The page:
Alternative fuels

In the Stanford lab, Johnson and Blumreiter proved that if you ran a diesel engine hotter than normal, the engine could run on a whole range of low-carbon liquid fuels like ethanol, methanol and gasoline. ‘ammonia.

“The fundamental discovery was that we could run a diesel engine, getting the same performance, with any fuel,” Blumreiter explains. “This allows us to choose fuels based on desirable attributes other than their ignition characteristics, such as cost, regional availability, carbon intensity, or cleanliness of combustion.”

ClearFlame founders Julie Blumreiter and BJ Johnson.

Courtesy of ClearFlame

Getting the diesel engine to run hotter was the trickiest part. Low carbon fuels like ethanol and methanol ignite at higher temperatures than diesel, so if used in a normal diesel engine they would not burn and the engine would sputter.

To solve this problem, in 2017, Johnson and Blumreiter left Stanford at Argonne National Laboratory in suburban Chicago. There they joined a new program called Chain Reaction Innovations that had been set up to bridge the so-called “valley of death” between idea and proof of concept for startups in the manufacturing and technology sectors. energy.

They spent the next two years experimenting with how to modify a Caterpillar test engine to prove their concept in a real environment. In the end, Blumreiter and Johnson made the diesel engine hotter by modifying 10-15% of the parts. For example, they removed much of the traditional cooling components so it would be hot enough to ignite low carbon fuels.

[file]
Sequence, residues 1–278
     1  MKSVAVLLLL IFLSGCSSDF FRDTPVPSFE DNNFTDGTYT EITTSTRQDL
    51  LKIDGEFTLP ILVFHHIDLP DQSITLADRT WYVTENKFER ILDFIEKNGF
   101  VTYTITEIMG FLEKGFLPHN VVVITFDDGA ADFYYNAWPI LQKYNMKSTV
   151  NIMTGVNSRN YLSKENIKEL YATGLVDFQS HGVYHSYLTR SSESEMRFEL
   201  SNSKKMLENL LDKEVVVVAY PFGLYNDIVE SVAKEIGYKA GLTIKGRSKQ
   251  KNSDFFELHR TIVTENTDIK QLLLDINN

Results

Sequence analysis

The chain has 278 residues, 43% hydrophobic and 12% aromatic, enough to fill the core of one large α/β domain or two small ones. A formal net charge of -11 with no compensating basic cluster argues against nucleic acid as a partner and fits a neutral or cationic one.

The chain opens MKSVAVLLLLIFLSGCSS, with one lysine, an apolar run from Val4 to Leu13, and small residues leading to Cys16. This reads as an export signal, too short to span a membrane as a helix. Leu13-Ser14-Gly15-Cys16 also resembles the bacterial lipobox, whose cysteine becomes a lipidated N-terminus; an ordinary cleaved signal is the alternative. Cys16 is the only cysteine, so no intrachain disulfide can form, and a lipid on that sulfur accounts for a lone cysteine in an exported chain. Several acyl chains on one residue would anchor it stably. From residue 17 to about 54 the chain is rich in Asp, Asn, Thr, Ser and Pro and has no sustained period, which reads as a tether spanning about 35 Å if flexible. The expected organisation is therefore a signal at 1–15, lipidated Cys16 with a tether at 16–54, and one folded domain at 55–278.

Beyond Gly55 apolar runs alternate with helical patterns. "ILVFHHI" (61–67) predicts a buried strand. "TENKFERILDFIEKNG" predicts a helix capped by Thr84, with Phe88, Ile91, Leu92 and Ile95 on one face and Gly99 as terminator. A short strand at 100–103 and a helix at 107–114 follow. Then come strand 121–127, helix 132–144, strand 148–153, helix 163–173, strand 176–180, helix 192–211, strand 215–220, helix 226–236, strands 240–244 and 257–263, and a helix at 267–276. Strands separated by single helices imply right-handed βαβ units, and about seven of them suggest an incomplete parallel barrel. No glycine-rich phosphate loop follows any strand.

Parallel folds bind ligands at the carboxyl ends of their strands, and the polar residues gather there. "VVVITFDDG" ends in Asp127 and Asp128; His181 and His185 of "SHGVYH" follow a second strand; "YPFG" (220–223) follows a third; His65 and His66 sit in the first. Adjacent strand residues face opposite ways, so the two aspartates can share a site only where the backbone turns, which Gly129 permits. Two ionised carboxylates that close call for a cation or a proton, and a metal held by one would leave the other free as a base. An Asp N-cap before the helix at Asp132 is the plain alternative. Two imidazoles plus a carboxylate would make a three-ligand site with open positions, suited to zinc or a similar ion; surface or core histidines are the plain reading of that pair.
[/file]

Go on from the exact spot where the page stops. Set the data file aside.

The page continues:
“We changed some of the air and exhaust plumbing in the engine to let the air and exhaust get hotter in the engine than they otherwise would have,” says Johnson. “And then we changed the fuel injection systems to be compatible with these low carbon fuels, which usually means engineering for lower viscosity.”

With proven science in a driving force, ClearFlame raised $3 million in seed funding in early 2020 led by Clean Energy Ventures, just before the onset of the COVID-19 pandemic.

Take the road

Ethanol is usually made from corn or sugar cane and still has some carbon footprint, including that of the tractors and fertilizers used to grow it. But, according to ClearFlame, running one of the company’s modernized diesel engines on ethanol reduces CO2 emissions by 42% compared to diesel. In fact, the company claims that a ClearFlame engine emits 23% less carbon than battery electric vehicles due to the mix of fuels used to generate electricity on the national grid. And because ethanol is a “short” molecule with two carbon atoms — compared to the 16 in a typical diesel string — a ClearFlame engine produces 99% fewer soot particulate emissions, according to the company.

Courtesy of ClearFlame